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A boy plays at junction of the Han River and the Yangtze River on April 17 in Wuhan, China. Photo: Getty Images/Stringer

Millions of children around the world are endangered by the coronavirus pandemic, despite being a low-risk age group to contract COVID-19, the United Nations warned in a report released this week.

The big picture: Lack of schooling, poverty caused by lost family income, malnourishment, and risk of abuse while staying at home all pose dangers to children during the crisis.

What they found: Roughly 42 million to 66 million children could experience extreme poverty this year as a result of the pandemic, the UN estimates.

  • Over 1.5 billion children and youth are currently out of school, due to closures made in an effort to slow the spread of the virus. Widespread malnutrition is expected as more than 350 million children who depend on school meals have to find food elsewhere.
  • Although about two-thirds of countries around the world have introduced online or long-distance learning programs, only 30% of low-income countries have that access.
  • Economic hardships experienced by families could cause hundreds of thousands of children to die this year, the UN reports.
  • Stay-at-home orders, while necessary to slow the spread of the virus, heighten the risk that children are exposed to violence and abuse from adults. If child abuse occurs, children have a diminished ability to report to teachers or social workers.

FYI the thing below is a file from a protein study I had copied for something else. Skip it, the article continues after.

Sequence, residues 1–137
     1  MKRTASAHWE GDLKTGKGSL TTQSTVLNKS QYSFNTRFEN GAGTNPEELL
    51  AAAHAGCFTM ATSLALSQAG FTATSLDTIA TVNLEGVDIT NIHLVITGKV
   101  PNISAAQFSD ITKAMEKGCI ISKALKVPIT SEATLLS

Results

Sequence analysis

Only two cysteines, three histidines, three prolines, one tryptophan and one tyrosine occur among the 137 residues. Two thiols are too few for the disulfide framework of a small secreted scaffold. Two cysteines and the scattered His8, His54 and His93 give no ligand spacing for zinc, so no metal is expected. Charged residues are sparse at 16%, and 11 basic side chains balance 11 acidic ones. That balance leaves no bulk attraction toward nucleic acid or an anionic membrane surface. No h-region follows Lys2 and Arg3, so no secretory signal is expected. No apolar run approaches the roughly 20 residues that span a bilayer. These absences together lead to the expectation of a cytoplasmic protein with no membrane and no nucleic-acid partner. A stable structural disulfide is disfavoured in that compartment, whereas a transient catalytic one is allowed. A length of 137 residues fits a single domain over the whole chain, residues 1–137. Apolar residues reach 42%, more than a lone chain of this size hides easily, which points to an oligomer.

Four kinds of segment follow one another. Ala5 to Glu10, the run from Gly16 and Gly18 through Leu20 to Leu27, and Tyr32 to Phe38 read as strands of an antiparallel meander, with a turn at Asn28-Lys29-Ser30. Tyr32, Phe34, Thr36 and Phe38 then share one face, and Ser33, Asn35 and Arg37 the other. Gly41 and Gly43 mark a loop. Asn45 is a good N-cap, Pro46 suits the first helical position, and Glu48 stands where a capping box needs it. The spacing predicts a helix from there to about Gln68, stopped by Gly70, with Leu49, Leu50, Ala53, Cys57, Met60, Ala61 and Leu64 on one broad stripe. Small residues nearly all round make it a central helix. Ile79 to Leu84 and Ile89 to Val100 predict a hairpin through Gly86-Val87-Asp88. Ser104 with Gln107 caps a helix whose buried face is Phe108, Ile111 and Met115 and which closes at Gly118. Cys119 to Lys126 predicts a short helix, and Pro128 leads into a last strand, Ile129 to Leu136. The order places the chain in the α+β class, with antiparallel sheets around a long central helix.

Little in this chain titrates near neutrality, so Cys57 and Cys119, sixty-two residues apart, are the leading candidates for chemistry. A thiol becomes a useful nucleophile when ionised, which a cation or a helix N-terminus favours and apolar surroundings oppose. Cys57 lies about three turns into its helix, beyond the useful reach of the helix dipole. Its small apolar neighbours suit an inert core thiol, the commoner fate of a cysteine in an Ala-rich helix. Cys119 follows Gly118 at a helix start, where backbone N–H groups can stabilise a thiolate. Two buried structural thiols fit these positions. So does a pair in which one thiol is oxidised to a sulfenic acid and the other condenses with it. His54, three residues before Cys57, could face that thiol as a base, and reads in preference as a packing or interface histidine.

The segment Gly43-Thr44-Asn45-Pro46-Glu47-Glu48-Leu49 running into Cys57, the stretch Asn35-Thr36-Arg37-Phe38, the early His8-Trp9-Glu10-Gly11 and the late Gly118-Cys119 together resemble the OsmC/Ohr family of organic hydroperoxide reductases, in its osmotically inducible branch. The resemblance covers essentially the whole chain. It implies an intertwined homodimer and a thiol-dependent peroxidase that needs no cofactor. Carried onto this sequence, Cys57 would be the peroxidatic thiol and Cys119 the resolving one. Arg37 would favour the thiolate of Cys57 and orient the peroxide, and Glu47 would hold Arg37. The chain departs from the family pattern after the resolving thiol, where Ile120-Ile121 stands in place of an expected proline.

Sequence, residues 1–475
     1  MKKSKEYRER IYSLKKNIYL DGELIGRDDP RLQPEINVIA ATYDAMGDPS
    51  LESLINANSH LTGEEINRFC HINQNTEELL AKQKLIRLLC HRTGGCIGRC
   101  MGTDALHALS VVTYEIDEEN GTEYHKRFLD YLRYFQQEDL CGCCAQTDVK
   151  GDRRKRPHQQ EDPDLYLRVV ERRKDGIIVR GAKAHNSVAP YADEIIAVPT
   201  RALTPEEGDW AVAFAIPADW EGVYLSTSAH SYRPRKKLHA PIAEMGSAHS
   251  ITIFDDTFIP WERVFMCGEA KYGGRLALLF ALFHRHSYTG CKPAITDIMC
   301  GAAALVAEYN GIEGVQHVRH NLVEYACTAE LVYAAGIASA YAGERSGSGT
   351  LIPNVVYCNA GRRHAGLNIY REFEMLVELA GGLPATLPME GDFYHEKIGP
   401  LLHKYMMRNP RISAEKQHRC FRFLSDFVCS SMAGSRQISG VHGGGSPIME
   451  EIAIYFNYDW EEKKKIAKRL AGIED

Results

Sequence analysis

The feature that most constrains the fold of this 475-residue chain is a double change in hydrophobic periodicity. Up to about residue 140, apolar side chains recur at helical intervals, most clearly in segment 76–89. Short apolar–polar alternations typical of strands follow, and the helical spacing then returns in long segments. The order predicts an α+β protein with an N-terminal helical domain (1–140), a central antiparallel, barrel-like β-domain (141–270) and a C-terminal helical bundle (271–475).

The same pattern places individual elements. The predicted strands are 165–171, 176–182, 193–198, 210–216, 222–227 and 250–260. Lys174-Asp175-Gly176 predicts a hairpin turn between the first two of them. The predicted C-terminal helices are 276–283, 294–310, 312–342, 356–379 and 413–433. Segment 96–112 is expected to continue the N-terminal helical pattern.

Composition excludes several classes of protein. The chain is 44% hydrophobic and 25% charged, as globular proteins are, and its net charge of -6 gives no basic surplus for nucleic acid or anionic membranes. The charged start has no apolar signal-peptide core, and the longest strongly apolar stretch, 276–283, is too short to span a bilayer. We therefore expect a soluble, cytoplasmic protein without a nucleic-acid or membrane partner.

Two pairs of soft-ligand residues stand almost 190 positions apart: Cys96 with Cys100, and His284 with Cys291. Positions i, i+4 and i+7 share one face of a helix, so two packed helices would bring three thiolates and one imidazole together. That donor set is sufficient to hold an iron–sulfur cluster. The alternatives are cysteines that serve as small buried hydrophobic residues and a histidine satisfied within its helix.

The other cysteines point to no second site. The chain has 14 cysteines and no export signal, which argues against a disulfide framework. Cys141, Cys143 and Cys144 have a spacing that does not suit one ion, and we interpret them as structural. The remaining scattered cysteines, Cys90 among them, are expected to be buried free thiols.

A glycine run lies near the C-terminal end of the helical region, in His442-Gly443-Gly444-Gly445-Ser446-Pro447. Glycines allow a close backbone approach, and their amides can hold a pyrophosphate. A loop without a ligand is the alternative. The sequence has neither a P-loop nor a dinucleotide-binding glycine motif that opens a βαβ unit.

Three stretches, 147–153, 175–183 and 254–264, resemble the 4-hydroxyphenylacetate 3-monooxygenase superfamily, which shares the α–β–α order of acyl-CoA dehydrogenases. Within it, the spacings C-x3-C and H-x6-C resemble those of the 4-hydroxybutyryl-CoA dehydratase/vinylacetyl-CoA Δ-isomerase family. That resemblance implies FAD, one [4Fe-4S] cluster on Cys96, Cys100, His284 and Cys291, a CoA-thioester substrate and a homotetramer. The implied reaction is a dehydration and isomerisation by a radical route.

What they're saying: "All children, of all ages, and in all countries, are being affected, in particular by the socio-economic impacts and, in some cases, by mitigation measures that may inadvertently do more harm than good. This is a universal crisis and, for some children, the impact will be lifelong," the report says.

Go deeper: The coronavirus may be a defining experience for Gen Z

Go deeper

House Judiciary Committee advances reparations bill in historic vote

Sheila Jackson Lee. Photo: Al Drago/Getty Images

The House Judiciary Committee voted 25 to 17 Wednesday to advance a bill that would create a commission to study reparations for Black Americans who are the descendants of slaves.

Why it matters: "No such bill has ever come this far during Congressional history of the United States," said Rep. Sheila Jackson Lee (D-Texas), who sponsored the bill, per the Washington Post.

Updated 5 hours ago - Politics & Policy

Officer Kim Potter arrested, charged with manslaughter in Daunte Wright's death

Kim Potter's booking photos. Photo: Hennepin County Sheriff's Office

Kim Potter, the former police officer charged with second-degree manslaughter in the fatal shooting of Daunte Wright, was released on a $100,000 bond on Wednesday, Hennepin County jail records show.

Why it matters: Sunday's shooting of the 20-year-old Black man in Brooklyn Center, Minnesota, just 10 miles from where George Floyd was killed by a Minneapolis police officer last year, has reinvigorated Black Lives Matter protests and led to three consecutive nights of unrest.

Updated 5 hours ago - Politics & Policy

Biden names Erika Moritsugu as senior AAPI liaison

Erika Moritsugu. Photo courtesy: National Partnership for Women & Families

President Biden has named Erika Moritsugu as deputy assistant to the president and Asian American and Pacific Islander senior liaison, the White House announced Wednesday.

Driving the news: The decision follows weeks of pressure from AAPI leaders to include more Asian American representation at the Cabinet level and in senior administration roles.